Universal Design for Learning (UDL): A set of principles for curriculum development and instructional planning that gives all students equal opportunities to learn.

Working memory: The ability to hold in mind and mentally manipulate bits of information over short periods of time. It is often thought of as a mental workspace that used to store information. It may involve new or already stored information and is important for learning, reasoning, and comprehension

More Dyslexia Information

Brain-Based Sources of Dyslexia

Judith K. Wilson, Ph. D.

Difficulty in learning to read is always unexpected because the acquisition of the separate sounds of the language in the pre-school years happens below the threshold of conscious awareness. In the process of acquiring language, children also acquire a reliable mental representation of each of the separate sounds of their language (Goswami, 2000). This mastery of the phonemes (separate sounds) allows children to match sounds to letters when they are introduced to print in school. If they have not obtained a clear mental representation of each sound, they will have difficulty linking phonemes to graphemes (letters) (Vellutino & Fletcher, 2007). For example, voiced and unvoiced sounds may not have separated out, so /b/ could be /p/, /d/ could be /t/, /g/ could be /k/. Vowels may not have separated out, so /ĕ/ could be /ĭ/, /ă/ could be /ŏ/ or /ŭ/ (Uhry, 2011). That means that the letters PET could be read as pet, ped, bet, bed, pit, pid, bit, bid. Of these eight options, six are real words, and the child who has not separated voiced and unvoiced consonants and the vowels /ĕ/ and /ĭ/, has no way to tell which of the options is correct.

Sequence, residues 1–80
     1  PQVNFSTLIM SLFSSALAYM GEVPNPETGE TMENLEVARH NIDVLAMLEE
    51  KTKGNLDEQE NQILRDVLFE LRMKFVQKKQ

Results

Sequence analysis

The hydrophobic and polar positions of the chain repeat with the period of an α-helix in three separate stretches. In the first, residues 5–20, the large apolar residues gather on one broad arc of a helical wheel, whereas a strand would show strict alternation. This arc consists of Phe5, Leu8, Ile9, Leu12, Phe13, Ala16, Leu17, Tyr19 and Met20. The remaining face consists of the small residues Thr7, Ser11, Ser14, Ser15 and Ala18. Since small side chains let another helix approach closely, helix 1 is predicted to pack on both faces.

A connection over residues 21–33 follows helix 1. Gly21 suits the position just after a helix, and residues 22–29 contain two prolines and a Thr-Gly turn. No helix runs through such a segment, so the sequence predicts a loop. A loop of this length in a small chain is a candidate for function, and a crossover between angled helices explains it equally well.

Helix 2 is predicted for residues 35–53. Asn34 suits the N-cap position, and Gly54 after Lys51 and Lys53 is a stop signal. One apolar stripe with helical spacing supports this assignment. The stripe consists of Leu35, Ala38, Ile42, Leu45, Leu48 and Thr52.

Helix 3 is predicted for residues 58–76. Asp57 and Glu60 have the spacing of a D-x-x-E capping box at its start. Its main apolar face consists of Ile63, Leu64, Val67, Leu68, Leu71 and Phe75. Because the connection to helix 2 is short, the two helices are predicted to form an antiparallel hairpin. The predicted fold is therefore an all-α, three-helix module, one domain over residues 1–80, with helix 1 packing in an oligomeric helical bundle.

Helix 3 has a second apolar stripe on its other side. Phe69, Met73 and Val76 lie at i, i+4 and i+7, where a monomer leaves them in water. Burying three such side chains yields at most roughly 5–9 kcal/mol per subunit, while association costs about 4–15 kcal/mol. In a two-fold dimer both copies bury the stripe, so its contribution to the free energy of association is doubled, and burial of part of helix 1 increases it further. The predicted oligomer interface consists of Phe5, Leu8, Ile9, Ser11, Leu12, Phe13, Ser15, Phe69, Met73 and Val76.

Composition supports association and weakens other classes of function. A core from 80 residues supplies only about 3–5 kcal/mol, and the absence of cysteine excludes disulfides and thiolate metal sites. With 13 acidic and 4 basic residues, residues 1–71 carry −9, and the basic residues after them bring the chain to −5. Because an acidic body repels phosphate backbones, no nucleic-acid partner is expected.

Neurological imaging has revealed that the sounds of the language are processed through an area of the brain known as Wernicke’s area, which is located on the left side of the brain, slightly behind and above the left ear (Mather, Wendling, Youman, Shaywitz, & Shaywitz, 2012). Wernicke’s area specializes in “speech in” processes. It sends heard language to processing areas for word identification and meaning, and it also segments the sounds within words for acquisition of the separate phonemes of a language. All of this is done automatically, below the threshold of awareness.

Neurological imaging has also revealed that an area of the brain known as Broca’s area specializes in “speech out” processes (Mather et al., 2012). Broca’s area attaches sounds to the words you want to express when you have formulated a message in your brain. Broca’s area is located on the left side of the brain, slightly above and in front of the left ear. Wernicke’s area and Broca’s area are the only phonological areas of the brain, meaning that everything having to do with the sounds of the language has to pass through one of these two areas. Wernicke’s area can segment sounds, and Broca’s area is designed to blend sounds to produce speech.